‘Bomb cyclone’ and Midwest snow snarl travel for millions

‘Bomb cyclone’ and Midwest snow snarl travel for millions

It’s the best dish for a Thanksgiving travel headache. Not one, not 2, however three effective storm systems will make travel tough to near impossible at times both prior to and after Thursday’s vacation.

A record-breaking “bomb cyclone” crashed ashore in the Pacific Northwest on Tuesday night, bringing winds gusting over 100 miles per hour and feet of snow in some areas. That storm system will continue to discard snow in the Sierra Nevada while bringing heavy rain, coastal flooding and even separated thunderstorms to Southern California. It will also spread out rain and heavy mountain snows into Utah, Nevada and parts of Colorado.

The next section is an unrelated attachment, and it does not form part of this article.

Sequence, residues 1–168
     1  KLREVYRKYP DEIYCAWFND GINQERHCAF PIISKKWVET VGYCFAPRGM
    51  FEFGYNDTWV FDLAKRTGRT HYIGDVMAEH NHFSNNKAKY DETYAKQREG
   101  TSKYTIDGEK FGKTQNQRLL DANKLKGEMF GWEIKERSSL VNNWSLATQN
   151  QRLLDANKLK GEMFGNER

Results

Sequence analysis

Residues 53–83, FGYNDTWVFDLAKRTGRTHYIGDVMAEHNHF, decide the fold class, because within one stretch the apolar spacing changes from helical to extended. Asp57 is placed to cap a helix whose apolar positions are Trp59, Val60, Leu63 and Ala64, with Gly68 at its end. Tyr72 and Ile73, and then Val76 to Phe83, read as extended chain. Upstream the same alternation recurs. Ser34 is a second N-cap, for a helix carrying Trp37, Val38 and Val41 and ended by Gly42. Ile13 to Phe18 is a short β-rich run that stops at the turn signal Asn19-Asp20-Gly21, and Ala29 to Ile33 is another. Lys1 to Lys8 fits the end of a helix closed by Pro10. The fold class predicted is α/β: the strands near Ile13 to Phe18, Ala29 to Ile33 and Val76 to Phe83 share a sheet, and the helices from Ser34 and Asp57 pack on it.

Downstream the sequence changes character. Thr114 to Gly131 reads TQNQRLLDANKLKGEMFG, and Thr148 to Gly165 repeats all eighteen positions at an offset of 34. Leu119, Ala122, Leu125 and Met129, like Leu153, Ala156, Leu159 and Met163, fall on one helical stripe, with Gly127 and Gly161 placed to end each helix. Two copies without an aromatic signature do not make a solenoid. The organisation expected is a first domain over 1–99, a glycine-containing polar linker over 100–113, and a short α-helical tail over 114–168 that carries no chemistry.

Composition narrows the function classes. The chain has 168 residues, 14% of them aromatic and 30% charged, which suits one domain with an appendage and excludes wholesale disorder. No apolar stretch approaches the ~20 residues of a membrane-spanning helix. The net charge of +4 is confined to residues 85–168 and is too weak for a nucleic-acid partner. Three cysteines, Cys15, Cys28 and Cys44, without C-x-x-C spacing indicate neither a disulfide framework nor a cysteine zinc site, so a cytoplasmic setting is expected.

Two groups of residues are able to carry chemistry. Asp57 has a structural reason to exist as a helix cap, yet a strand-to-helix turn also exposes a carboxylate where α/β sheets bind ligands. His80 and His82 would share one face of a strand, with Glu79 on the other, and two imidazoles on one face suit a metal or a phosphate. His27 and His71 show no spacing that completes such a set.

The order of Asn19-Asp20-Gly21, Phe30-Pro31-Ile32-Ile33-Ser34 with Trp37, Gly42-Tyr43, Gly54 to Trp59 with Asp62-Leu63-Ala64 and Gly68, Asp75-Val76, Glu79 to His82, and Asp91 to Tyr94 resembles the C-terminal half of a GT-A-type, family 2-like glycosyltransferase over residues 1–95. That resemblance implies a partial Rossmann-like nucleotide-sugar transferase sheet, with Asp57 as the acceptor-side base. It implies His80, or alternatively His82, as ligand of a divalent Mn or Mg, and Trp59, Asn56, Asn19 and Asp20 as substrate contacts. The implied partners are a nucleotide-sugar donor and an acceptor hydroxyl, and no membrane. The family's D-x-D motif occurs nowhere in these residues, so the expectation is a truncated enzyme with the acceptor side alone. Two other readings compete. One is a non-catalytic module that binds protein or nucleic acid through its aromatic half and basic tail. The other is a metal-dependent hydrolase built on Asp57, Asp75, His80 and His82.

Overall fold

Meanwhile, a “kitchen area sink” storm barreling through the Plains and Upper Midwest has actually already manifested itself in providing the worst of every season. Tornadoes touched down in Louisiana, while thundersnow and thundersleet rattled Nebraska. This is beginning the heels of Denver’s snowiest day in 3 years.

The snow is targeting the Excellent Lakes, as strong winds topped much of the Mississippi and Ohio valleys. The winds, gusting as much as 60 miles per hour sometimes, threaten to snarl air travel into and out of Chicago’s major hubs at O’Hare and Midway airports.

Which’s not all. The exact same upper-level disruption that assisted spin up the West Coast bomb cyclone will create a 3rd powerful storm to the east. It will probably impact the eastern half of the Lower 48 this weekend.

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